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Coping with reporting technologies

When I switched to electronic logs a couple of years ago, I was very keen about the potential going electronic had for making my life easier. The fact I don't have to spend any time filling out log pages and performing manual recaps is reason...


When I switched to electronic logs a couple of years ago, I was very keen about the potential going electronic had for making my life easier. The fact I don’t have to spend any time filling out log pages and performing manual recaps is reason enough for me to never turn back.

But my belief that an electronic system would make managing my time easier and less stressful has proven to be somewhat of a pipe dream. In many regards, an electronic log is an unrelenting taskmaster that does not allow you any flexibility. You have to complete your daily tasks within a given time frame regardless of the curves that are routinely thrown your way over the course of any given day. As drivers, we see lots of junk thrown our way. Weather, dock delays, equipment failure, border crossings, unforeseen traffic problems, etc.

So rather than relieving stress as I had originally believed it would, electronic logs have added a considerable amount of stress to my day and have become a means of measuring my performance. In fact, the trend seems to be towards measuring driver performance through critical incidence reporting via a truck’s on-board software.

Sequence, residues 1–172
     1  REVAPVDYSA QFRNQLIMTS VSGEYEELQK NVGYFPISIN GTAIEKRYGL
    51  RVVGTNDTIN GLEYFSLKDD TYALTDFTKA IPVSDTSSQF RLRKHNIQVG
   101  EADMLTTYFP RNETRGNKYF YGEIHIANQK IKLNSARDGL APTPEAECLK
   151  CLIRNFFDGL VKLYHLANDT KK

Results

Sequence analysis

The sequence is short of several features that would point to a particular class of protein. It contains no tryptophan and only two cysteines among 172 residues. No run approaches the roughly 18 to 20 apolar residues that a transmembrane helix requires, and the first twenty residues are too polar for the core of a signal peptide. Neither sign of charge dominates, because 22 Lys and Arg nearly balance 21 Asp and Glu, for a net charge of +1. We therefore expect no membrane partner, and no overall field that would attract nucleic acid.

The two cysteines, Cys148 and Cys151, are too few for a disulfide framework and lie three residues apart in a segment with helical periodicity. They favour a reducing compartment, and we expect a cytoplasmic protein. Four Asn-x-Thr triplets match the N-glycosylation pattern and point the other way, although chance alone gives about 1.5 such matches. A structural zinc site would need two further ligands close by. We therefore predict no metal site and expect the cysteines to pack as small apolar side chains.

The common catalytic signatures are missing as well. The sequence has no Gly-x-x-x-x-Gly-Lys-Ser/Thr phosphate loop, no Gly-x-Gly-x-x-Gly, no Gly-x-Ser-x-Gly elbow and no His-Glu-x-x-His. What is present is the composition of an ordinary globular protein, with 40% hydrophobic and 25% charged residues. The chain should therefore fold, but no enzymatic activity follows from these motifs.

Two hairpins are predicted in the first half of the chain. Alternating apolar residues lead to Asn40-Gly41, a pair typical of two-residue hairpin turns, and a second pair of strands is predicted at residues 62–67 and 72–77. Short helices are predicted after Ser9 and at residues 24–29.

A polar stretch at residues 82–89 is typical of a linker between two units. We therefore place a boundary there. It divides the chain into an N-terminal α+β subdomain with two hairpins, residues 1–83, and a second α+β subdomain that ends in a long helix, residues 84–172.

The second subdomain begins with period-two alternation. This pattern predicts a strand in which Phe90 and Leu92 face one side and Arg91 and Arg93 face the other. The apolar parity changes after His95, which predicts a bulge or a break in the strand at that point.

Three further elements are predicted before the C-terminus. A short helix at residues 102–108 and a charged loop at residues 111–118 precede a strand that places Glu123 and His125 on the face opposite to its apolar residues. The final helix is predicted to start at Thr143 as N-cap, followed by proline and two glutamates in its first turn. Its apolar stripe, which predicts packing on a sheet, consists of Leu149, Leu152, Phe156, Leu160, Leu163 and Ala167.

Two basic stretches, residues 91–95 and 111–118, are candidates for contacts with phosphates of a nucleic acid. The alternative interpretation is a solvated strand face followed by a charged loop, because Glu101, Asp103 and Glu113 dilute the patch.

Reports are generated automatically and e-mailed to a driver’s safety manager. And it doesn’t stop there. Programs have also been developed and rolled out to notify a driver’s manager when a driver is showing signs of fatigue so that preventive action can be taken.

I’m not even going to attempt to dispute the fact that all of this information can be beneficial for a carrier in a number of ways. It can reduce costs, ensure compliance with legislation, reduce accidents, create learning opportunities for drivers, improve overall safety and so on. But if these programs are so wonderful, why am I left feeling stressed and tired at the end of the day? Shouldn’t all of this stuff be helping to make my experience on the road happier, healthier, and give me more time for myself and my family? Where is the efficiency in this system?

The fact is that all of these software solutions designed to provide greater economic efficiencies and a higher degree of safety are often not designed with the driver in mind. At least that’s my assumption as an end user of this technology.

I think that drivers want the same thing as the carriers and enforcement agencies when it comes to safety and efficiency, but the parties are miles apart when it comes to methodology and implementation of these tools. Why? Because drivers often view these in-cab systems that monitor their performance as big brother watching over them. The nature of the system reporting is a form of constant negative re-enforcement to a driver. It only tells you when you are doing something wrong, no matter the gravity, circumstance, or context of the situation at hand. That’s irritating, frustrating and demoralizing. At least that’s my personal feeling. There is no accounting for the hundreds, perhaps thousands, of things I do right in the course of my day.